10 Tips Whistleblowers Need to Know to Protect Themselves

Are you an employee at a company that is financially corrupt, or engaging in cover-ups of unethical or illegal behavior? If you're thinking of blowing the whistle on corporate malfeasance--or any wrongdoing anywhere!--I applaud you. People who stand up and point out that something is wrong are heroes.

But I also want you to be safe.

Some whistleblowers have been lauded, but others have had their lives ruined. Some have committed suicide. Others have suffered the slow death of drug or alcohol addictions brought on by the upheaval that telling the truth caused in their lives. In this article, I share ten tips you must know if you want to blow the whistle without blowing up your life.

Two films illustrate the wildly different trajectories whistleblowers have experienced: Erin Brockovich and Kill the Messenger. The latter is slated to be released this fall, and tells the story of investigative journalist Gary Webb.


Erin Brockovich rallying for clean drinking water (source)

Webb uncovered the CIA's role in facilitating the importation of huge amounts of cocaine into the U.S., which was aggressively sold as crack in inner-city neighborhoods to raise money for the Nicaraguan Contras. In 1996, Webb went public with his evidence in his "Dark Alliance" series for San Jose Mercury News.

Instead of winning a Pulitzer, Webb experienced a vicious smear campaign likely fueled by the CIA and carried out by jealous reporters and editors at the nation's three biggest papers, in particular the Los Angeles Times. Webb's career was destroyed to the point where he could barely support himself with part-time work at a small weekly paper. He was found with two gunshot wounds to the head in 2004; his death was ruled a suicide.

Webb was vindicated in 1998 by a CIA Inspector General report which revealed that the agency had covered up its business relationships with Nicaraguan drug dealers. Kill the Messenger is expected to reinstate Webb's reputation as a courageous journalist.


Webb, who exposed wrongdoing's in his newspaper column (source)

If you plan to blow the whistle on a corrupt organization or situation, you must know how to protect yourself. Here are ten useful tips:

1) Document your findings carefully. Don't hesitate to record conversations and make copies of files and emails that support your conclusions.

2) Keep copies of all documentation in a secure place that is independent from the influence of the organization you plan to expose.

3) Promptly report your findings to the proper authorities, including your state's Attorney General. Meet with officials in person. Face-to-face meetings help establish your credibility and create personal connections that may help protect you.

4) Retain lawyers who specialize in fighting defamation. The most common response to whistle blowing is character assassination. You want experienced lawyers who will fight back promptly with anti-defamation lawsuits.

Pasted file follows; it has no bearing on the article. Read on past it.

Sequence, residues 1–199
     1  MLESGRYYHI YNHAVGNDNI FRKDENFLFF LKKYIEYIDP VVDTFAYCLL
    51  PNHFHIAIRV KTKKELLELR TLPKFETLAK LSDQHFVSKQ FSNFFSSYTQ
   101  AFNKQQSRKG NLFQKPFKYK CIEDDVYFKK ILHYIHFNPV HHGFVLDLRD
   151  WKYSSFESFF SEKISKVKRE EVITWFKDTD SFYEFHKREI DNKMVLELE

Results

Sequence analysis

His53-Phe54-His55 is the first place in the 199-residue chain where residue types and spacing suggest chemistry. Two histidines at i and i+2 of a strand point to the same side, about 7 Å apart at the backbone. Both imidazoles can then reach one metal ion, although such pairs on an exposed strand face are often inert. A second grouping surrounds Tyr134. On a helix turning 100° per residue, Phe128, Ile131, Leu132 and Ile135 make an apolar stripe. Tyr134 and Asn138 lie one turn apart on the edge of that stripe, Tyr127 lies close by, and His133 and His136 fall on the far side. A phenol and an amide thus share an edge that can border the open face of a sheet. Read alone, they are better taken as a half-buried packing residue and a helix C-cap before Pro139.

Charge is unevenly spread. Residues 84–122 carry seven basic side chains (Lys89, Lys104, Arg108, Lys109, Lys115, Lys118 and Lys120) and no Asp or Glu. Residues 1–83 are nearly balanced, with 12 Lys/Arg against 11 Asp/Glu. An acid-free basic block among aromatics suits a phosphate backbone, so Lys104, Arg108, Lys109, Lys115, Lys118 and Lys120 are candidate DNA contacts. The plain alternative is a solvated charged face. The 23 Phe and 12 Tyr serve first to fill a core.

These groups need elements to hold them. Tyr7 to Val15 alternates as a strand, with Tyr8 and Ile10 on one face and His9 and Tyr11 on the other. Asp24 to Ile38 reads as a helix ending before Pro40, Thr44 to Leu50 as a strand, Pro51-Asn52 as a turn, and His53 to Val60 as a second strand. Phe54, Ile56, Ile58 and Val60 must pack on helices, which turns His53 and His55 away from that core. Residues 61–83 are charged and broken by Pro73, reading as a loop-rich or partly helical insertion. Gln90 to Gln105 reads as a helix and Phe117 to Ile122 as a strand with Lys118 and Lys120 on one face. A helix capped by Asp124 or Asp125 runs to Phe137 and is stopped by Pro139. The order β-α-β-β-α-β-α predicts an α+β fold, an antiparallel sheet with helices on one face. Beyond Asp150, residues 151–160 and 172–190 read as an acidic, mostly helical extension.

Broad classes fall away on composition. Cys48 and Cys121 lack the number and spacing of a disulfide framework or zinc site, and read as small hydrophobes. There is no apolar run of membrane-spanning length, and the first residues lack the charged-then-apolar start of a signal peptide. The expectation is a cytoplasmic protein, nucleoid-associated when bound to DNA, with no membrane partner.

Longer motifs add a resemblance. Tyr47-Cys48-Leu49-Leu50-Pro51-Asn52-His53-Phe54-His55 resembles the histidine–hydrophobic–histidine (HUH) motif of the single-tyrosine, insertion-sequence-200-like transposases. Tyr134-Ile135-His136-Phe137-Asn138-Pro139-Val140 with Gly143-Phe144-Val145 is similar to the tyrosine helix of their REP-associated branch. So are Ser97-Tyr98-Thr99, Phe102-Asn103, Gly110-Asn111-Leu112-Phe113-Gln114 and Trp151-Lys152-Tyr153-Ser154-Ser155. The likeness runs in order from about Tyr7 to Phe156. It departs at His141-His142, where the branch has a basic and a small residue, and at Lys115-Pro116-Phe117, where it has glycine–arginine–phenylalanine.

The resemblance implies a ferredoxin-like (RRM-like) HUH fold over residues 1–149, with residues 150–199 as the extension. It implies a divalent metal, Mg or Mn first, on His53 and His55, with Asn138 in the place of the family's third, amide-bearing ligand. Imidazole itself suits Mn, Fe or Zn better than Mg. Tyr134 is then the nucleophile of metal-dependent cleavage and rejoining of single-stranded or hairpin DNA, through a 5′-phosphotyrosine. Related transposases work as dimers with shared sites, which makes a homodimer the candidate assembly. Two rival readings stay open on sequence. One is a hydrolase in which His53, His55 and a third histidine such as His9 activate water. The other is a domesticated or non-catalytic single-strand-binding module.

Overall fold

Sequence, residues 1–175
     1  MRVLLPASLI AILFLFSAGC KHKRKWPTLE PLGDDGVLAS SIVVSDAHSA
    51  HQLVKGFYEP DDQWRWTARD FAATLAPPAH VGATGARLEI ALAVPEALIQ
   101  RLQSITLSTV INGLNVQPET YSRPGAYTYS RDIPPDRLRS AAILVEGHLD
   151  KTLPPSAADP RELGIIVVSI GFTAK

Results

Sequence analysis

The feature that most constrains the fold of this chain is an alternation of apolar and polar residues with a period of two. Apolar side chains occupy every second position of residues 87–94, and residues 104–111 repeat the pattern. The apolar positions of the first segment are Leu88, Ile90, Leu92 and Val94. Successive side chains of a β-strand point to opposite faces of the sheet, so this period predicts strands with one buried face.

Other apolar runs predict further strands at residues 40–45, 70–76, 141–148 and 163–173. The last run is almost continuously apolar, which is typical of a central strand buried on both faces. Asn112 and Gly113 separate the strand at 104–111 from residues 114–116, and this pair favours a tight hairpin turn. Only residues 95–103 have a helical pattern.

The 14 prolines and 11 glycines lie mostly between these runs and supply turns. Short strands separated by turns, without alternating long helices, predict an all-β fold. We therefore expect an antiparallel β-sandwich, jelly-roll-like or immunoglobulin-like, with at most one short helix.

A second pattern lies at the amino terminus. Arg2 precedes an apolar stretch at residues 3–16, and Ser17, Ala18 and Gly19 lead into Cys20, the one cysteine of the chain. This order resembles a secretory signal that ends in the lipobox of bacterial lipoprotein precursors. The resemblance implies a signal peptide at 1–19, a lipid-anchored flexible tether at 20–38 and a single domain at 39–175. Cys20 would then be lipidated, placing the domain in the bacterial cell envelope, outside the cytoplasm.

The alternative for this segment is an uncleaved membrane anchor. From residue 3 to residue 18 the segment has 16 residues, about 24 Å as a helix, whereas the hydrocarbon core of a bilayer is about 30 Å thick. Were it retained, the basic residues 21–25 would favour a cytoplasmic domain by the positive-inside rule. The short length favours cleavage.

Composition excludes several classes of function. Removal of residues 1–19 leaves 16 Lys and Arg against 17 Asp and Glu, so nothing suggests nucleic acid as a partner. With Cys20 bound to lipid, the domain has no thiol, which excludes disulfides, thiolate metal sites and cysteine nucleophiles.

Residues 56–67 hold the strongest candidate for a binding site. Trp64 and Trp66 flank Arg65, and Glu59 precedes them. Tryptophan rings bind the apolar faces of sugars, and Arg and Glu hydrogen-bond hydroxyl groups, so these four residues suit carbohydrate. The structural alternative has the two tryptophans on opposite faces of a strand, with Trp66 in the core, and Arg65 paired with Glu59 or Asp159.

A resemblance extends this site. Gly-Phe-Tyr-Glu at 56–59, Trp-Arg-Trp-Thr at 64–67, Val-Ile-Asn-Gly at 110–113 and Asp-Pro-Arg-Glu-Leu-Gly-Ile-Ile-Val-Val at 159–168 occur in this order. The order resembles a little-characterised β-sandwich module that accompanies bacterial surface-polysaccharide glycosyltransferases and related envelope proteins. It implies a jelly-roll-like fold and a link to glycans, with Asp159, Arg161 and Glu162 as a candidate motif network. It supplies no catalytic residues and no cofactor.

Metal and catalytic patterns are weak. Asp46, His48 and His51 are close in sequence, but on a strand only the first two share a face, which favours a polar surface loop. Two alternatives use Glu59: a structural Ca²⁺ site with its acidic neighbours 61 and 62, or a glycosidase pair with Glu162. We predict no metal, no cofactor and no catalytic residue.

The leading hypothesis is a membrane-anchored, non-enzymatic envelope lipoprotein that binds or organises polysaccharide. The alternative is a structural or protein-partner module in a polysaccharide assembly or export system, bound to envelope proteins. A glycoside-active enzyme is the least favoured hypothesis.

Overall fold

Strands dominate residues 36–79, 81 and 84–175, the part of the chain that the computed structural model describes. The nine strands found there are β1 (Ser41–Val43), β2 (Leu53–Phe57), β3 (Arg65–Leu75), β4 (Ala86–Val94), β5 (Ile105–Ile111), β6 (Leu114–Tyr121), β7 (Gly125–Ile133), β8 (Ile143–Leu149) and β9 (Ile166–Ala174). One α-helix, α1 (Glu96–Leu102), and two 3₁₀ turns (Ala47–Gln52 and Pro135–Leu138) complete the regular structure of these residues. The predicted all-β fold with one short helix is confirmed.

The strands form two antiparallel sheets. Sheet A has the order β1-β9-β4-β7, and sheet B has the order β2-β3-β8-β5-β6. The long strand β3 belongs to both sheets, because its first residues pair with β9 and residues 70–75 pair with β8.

5) Reach out to journalists who specialize in covering financial fraud and related topics. Meet with them in person so they get the story directly from you--not from sources who are trying to discredit you.

6) Know your rights! Study the Sarbanes-Oxley Act (SOX), enacted in 2002 in reaction to a series of scandals at major U.S. corporations, including Enron, Tyco International, Adelphia, Peregrine Systems, and WorldCom. SOX criminalized retaliation against whistleblowers like former Enron VP Sherron Watkins, who was named one of three "Persons of the Year" in 2002 by Time for her role in exposing financial improprieties at Enron, along with Cynthia Cooper of WorldCom and Coleen Rowley of the FBI.


The famous "whistleblowers" cover (source)

7) Limit your discussions of the situation to the authorities and your attorneys. Sadly, some whistleblowers have been put in danger even by close friends and family members who were swayed by bribery or intimidation.

8) Depending on the severity of the problem you have uncovered, you may need to assume that your life is in danger. In this case, don't hesitate to move to a new location and only let people you trust know where you are.

9) Start building up a cash reserve. Work with your financial advisor or broker, as you may need to liquidate some investments in case you do need to change your location. You don't need to tell them why, but they may be able to help you strengthen your cash position and keep your liquid funds secure.


Whistleblowers can be the backbone of a good society (source)

10) Keep the faith! If you have a spiritual or religious practice, stick with it. What you are about to do will test your strength and reserves, but it is the right thing to do, and people who do the right thing are the backbone of a good society.

testPromoTitleReplace testPromoDekReplace Join HuffPost Today! No thanks.